Any advice given to an adolescent teen about responsible decision-making regarding alcohol, tobacco, and drugs will depend on who’s giving the advice, their background, and their own views about alcohol, tobacco, and other drugs.
When it comes to tobacco, a person who has suffered bad health issues from using tobacco might offer different advice than a person who’s been able to use tobacco without enduring any of the deleterious side effects.
The former could use their personal story to advise a teen to try their best to stay away from tobacco. If the former has, say, contracted lung cancer or throat cancer due to their smoking habit, they could use themselves as an example of why this hypothetical adolescent teen should follow their advice and steer clear of tobacco.
The latter tobacco user could possess a less dire attitude. They might acknowledge the risks. They could concede that it’s best to stay away from tobacco. Yet since they haven’t had to deal with any formidable consequences like the first person, their advice might have more to do with moderation and mindfulness than swearing off tobacco completely.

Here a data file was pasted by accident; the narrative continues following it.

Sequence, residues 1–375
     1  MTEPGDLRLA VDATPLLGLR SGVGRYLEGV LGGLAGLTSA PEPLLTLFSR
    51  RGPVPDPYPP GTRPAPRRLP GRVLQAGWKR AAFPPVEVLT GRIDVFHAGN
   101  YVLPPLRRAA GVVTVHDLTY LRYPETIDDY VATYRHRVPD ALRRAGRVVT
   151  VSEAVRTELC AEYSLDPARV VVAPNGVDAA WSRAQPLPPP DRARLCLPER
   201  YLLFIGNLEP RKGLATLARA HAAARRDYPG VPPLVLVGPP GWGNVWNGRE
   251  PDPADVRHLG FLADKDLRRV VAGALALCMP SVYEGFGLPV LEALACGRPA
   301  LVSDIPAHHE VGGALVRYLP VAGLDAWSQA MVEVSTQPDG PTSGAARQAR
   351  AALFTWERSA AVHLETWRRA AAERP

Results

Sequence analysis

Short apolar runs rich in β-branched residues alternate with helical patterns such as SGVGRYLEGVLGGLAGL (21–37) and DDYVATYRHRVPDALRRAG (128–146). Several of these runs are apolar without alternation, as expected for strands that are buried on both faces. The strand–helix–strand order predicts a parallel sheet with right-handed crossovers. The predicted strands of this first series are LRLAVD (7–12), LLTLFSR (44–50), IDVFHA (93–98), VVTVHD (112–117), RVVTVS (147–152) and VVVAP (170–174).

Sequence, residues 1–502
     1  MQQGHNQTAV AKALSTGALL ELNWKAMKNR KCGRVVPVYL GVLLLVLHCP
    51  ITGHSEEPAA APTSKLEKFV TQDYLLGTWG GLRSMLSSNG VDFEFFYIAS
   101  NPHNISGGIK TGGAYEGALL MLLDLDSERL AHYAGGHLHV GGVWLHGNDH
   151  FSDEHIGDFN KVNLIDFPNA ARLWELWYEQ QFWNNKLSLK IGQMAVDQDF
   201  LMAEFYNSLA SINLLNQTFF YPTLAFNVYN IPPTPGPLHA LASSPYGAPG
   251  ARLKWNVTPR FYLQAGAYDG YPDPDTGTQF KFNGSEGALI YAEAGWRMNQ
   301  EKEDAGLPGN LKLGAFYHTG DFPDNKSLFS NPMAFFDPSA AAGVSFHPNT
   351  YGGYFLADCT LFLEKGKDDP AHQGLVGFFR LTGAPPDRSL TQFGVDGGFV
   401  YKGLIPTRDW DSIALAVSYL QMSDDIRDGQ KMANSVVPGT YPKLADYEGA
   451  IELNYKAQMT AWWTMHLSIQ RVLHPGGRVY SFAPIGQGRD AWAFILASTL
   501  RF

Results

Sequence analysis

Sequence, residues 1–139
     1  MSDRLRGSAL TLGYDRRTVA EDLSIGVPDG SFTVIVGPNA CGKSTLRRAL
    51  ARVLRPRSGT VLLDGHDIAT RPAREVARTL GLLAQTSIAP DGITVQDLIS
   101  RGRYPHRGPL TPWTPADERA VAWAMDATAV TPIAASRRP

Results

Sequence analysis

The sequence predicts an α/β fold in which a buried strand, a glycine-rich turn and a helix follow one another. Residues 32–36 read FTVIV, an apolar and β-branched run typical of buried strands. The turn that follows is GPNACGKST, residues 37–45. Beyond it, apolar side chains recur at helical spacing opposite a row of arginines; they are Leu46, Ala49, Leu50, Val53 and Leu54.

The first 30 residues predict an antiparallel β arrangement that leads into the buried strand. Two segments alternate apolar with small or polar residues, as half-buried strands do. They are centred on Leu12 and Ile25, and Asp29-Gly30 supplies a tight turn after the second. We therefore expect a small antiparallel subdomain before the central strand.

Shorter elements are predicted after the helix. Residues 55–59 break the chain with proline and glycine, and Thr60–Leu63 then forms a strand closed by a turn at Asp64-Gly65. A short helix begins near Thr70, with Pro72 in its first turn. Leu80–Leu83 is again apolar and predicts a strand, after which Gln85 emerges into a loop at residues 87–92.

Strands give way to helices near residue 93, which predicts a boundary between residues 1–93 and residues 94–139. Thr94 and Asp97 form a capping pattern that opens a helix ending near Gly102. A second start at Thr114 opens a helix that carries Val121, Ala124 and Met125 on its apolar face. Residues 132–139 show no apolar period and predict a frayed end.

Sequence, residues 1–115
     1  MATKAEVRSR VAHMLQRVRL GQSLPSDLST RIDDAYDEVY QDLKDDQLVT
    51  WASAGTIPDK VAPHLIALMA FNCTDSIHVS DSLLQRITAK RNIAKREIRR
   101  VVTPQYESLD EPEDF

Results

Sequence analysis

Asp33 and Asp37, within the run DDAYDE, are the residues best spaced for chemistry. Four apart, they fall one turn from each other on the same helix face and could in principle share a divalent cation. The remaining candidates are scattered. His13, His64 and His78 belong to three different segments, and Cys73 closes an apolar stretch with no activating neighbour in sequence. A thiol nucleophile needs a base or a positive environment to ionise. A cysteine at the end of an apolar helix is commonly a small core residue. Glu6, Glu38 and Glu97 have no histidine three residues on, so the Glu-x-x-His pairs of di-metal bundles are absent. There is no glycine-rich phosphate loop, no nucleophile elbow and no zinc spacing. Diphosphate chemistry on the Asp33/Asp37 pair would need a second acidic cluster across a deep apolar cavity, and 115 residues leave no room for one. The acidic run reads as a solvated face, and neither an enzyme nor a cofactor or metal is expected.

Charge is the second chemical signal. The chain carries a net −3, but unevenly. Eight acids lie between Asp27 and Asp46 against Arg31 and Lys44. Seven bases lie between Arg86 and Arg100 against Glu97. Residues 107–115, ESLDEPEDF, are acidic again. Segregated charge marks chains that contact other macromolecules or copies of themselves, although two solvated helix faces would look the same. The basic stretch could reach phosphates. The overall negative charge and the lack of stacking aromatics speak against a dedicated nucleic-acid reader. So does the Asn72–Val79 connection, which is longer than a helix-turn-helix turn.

Something similar can be said about drugs and alcohol. People who have had damaging experiences with drugs and alcohol could provide more stringent advice than those who have been able to use them with relative impunity.
Overall, when it comes to all three, it seems like the best advice would be to try and encourage the teen to use their brain. They should think about why they’re doing these things and the environment they’re in. If the teen is in a place with people they’re unsure about or don’t know too well, they shouldn’t start drinking or using drugs. However, if this teen is with friends that they trust and feel safe around, then maybe one would advise that, in this scenario, carefully using drugs or alcohol isn’t so irresponsible.
Finally, some might say that the best advice would be to tell the teen to never use tobacco, alcohol, or drugs in the first place. It is, in some cases, illegal, and even in the most mindful environments, it can result in unforeseen consequences. Yet as studies have shown, a large majority of teens will use tobacco, alcohol, or drugs at some point, so such sweeping, prohibitive advice might not be so productive.